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Fraud – it’s not something we talk a lot about in the non-profit world or particularly the amateur sport community, but just because we do not talk about it does not mean it isn’t happening.

According to the Association of Certified Fraud Examiners (ACFE), 2020 Report to the Nations, organizations lose approximately 5% of their revenue to fraud each year.  Keep in mind the study covers, over 2,500 cases in 125 countries, with Canada and the US making up 46% of those cases.

More specifically, a report from The Philanthropist, in May 2009, said, “Smaller nonprofit organizations—those employing fewer than 50 people and/or having annual revenues of less than $100,000—experienced the greatest number of fraud cases and the highest losses relative to their annual revenue. Fraud losses for the smallest non-profit organizations—those with annual revenues less than $100,000—accounted for a median of 72% and a mean of 119% of annual revenue.[1]

Many of you may have seen Jamie Strashin’s report on CBC from November 2020, about fraud in non-profit sport in Canada. In his report, Jamie indicated that in Canada, approximately $8M had been lost in the sport sector in the last 10 years.  In my humble opinion, that may be a fraction of the loss experienced as many instances of fraud go unreported.

It can be a difficult decision to go public with organizational fraud, for a variety of reasons:

  • Acknowledging a lack of internal controls to stakeholders such as funders, government, donors, athletes, coaches, and parents
  • Backlash against perpetrator
  • Dealing with the emotional loss of being betrayed by a trusted colleague; someone who volunteered or who was hired in good faith to volunteer or work for the organization. Sometimes the betrayal is a greater loss than the actual financial loss. “How did I not know so-and-so was stealing from us?”

As Tiffany Couch, author of “The Thief in Your Company”[2], will tell you, it is very often the most liked and trusted person in the organization that commits the fraud.  It is directly because they are so trusted that they are given the access, passwords, roles, signing authority etc. they need to be able to commit fraud.  You would not give that type of access to someone you didn’t like or didn’t trust.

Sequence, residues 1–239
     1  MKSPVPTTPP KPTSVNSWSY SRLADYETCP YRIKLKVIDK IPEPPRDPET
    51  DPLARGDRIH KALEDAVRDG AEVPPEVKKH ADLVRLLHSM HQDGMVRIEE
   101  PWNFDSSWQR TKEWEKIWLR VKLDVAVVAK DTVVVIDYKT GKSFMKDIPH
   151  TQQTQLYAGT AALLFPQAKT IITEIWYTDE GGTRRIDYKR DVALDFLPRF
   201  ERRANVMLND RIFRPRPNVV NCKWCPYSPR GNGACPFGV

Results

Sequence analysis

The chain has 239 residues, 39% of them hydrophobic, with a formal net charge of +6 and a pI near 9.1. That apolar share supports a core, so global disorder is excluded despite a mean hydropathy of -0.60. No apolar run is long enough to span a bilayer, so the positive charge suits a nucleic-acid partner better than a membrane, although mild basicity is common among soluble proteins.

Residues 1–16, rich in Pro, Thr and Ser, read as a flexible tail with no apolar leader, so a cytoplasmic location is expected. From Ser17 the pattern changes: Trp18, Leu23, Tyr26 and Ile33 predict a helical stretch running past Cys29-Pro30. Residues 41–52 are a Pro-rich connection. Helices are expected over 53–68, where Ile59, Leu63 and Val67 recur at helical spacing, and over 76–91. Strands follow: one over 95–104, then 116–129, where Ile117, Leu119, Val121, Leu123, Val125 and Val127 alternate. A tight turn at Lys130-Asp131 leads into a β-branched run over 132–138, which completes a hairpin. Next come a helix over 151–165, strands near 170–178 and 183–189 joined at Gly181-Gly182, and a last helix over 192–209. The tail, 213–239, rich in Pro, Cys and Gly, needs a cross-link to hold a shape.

I have worked in the provincial government and non-profit sectors for over 30 years, and I have seen fraud at every level, from administrators/coordinators to Senior Management to Executive Directors to Board Members.  It is my belief that the non-profit sector, is at risk because we tend to be a well-intentioned, trusting bunch.  It is at our peril that we confer our values onto others as the evidence is clear, not everyone shares them.  As a result of those experiences, it has become my desire to help amateur sport organizations recognize the risk of fraud and assist in putting the processes in place to prevent and detect it.

If you’re interested in specific details on the characteristics of those who commit fraud, most common types of fraud committed, internal controls and the role of management and the board to prevent fraud, feel free to contact me at to learn more about scheduling a Fraud Prevention webinar.

For additional information, I would encourage you to revisit Rachel Corbett’s blog on this site entitled, Staying on the Lookout for Fraud – Some Risk Management Advice.  In it Rachel describes the fraud triangle, which describe the conditions or framework used to explain the reason behind an individual’s decision to commit fraud: Pressure, Opportunity and Rationalization.

In the meantime, be vigilant and remember, “trust is not an internal control”[3].

As part of your organization’s commitment to better manage risks, you may be interested in the 2-Day Risk Management Workshop (RMW), coordinated by the Canadian Centre for Ethics in Sport (CCES) and facilitated by Sport Law Team Member, Jason Robinson. The workshop provides sport organizations with actionable solutions to some of their most complex problems and uses a format that is adapted from the Australian/New Zealand risk management model and refined for the Canadian sport landscape.

Expressions of interest to take part in the upcoming Risk Management Workshops should be submitted to the CCES by August 14, 2023. You can learn more here.

Participating sport organizations also receive a customized risk registry that identifies and ranks their current risks, captures current strategies, and identifies potential solutions, which many NSOs/MSOs have since implemented as part of their reporting framework to funding partners. The CCES maintains a compilation of the risk registries as a resource for the sport community. More information can be found here.

[1] Qui Chen, Steven Salterio and Pamela Murphy, “Fraud in Canadian Nonprofit Organizations as Seen Through the Eyes of Canadian Newspapers, 1998 – 2008. May 2009, p. 1.
[2] Tiffany Couch, The Thief in Your Company, 2019, p. 36
[3] Tiffany Couch, The Thief in Your Company, 2019, p. 36